ONE-PIECE PRESSURE REGULATOR: Add or remove weight rings from it to set the pressure canner for 5, 10, or 15 pounds. Set the regulator on top of the vent pipe to start the pressurizing process. Adjust heat to control the rattling sound it makes as the canner gains or loses pressure.
DIAL GAUGE REGULATOR: More common in older models, a dal regulator shows exact pressure inside the canner. Adjust heat up and down to stay at whatever weight is specified in a recipe. A dial regulator must be inspected for accuracy annually.
WEIGHTED REGULATOR: Made of a disk-like piece of metal, this must be set on the vent pipe at the correct position to process at 5,10, or 15 pounds. Like, a one-piece pressure regulator, it makes a rocking sound.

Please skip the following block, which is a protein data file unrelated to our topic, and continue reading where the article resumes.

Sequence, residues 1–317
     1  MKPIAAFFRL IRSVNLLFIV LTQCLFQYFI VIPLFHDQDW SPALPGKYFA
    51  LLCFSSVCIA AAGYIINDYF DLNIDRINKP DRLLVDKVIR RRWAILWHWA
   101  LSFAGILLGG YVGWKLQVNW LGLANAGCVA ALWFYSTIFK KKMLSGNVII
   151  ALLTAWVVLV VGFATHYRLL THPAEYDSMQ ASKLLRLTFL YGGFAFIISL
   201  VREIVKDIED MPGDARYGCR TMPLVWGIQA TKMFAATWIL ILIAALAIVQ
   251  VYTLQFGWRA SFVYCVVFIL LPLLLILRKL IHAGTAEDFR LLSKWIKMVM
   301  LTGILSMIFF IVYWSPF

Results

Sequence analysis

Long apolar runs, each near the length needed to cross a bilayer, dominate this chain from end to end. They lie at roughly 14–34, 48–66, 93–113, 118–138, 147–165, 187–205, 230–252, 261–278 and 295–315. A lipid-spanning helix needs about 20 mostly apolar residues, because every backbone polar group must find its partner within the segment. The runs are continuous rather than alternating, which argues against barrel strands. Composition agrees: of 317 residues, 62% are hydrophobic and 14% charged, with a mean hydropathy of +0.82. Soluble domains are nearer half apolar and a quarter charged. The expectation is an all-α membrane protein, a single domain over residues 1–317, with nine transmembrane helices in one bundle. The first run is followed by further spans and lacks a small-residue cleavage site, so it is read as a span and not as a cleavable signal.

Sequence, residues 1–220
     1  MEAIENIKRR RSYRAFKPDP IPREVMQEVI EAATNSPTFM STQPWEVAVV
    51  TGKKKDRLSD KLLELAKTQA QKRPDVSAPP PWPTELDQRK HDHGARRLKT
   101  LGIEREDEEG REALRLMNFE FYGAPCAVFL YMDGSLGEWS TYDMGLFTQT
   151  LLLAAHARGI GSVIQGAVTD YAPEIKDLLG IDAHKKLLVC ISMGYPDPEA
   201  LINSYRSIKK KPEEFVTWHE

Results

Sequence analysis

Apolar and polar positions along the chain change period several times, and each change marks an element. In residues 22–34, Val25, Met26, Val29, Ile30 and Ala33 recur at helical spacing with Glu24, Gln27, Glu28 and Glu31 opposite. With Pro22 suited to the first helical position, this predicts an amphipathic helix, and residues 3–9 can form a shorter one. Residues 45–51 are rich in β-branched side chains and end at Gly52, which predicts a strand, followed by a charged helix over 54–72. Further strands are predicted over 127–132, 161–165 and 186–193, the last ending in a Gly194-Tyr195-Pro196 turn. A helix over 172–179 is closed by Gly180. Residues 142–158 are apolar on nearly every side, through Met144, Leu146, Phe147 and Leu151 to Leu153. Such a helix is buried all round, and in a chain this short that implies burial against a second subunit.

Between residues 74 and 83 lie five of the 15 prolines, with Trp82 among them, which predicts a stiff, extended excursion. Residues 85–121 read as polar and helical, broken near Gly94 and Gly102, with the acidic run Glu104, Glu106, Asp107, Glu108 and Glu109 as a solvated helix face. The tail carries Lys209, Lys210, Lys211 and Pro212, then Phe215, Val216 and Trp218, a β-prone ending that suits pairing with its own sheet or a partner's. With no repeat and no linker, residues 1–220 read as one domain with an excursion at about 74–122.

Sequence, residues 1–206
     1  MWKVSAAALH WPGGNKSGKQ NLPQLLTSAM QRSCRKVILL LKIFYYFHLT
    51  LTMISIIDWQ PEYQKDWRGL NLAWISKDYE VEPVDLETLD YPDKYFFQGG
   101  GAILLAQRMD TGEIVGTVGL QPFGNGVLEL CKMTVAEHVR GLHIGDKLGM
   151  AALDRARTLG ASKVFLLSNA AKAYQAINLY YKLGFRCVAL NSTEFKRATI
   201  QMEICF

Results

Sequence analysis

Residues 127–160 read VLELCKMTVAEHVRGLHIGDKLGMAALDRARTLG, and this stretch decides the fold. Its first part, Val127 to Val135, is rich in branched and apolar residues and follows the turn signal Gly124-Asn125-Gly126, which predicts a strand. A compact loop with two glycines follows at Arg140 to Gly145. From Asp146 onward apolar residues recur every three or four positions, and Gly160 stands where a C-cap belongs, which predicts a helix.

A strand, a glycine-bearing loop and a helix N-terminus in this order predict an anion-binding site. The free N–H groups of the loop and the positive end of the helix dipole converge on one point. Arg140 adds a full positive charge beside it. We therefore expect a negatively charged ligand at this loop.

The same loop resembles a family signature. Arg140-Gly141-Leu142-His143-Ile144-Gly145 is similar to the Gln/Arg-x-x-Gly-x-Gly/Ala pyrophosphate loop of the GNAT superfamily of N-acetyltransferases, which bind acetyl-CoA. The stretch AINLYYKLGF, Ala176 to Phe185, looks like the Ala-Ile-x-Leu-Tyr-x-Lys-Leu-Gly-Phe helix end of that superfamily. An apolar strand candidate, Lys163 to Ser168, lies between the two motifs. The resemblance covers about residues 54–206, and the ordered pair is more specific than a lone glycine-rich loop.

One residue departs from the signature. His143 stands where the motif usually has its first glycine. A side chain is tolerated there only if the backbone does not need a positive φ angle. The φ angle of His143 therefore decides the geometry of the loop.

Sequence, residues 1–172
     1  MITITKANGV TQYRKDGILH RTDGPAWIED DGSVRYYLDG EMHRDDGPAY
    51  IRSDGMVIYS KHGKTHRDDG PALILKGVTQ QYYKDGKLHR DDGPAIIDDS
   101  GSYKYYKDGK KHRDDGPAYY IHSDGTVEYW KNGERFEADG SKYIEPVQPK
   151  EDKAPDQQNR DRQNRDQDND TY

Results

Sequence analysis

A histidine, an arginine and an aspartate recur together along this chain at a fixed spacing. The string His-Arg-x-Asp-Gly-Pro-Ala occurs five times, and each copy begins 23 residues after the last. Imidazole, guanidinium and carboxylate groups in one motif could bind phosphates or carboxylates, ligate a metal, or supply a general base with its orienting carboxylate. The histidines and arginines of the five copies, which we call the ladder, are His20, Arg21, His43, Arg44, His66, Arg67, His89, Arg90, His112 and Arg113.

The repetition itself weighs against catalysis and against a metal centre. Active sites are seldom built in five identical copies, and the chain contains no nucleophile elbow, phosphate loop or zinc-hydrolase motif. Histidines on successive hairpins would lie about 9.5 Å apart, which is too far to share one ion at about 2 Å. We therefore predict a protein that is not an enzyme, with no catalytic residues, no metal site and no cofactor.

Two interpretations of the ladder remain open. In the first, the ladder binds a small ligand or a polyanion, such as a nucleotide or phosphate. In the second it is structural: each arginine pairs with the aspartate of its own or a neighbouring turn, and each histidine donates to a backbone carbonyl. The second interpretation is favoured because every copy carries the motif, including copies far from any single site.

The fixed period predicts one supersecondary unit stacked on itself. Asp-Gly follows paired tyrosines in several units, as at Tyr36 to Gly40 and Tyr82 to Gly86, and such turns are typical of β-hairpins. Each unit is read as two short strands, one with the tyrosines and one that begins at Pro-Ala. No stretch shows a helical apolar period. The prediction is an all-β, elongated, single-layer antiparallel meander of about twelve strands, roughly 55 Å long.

Basic Canning Tools to Get Started Canning
Some simple tools make canning-especially of larger amounts of produce–fast and easy with less cleanup. You’ll have many of these tools in your kitchen already. But a few specialty canning tools–such as a handy magnet to fish lids out of boiling water with he greatest of each–make the job much easier. I recommend all of the tools listed below to get started canning with ease.
Canning Specific Tools to Get Started Canning
Here are tools that you might already have but which make canning more efficient.
This tool lifts jars firmly and securely in and out of hot water. Use two hands and squeeze firmly. In a pinch, you can use kitchen tongs instead, but they are not as secure and safe.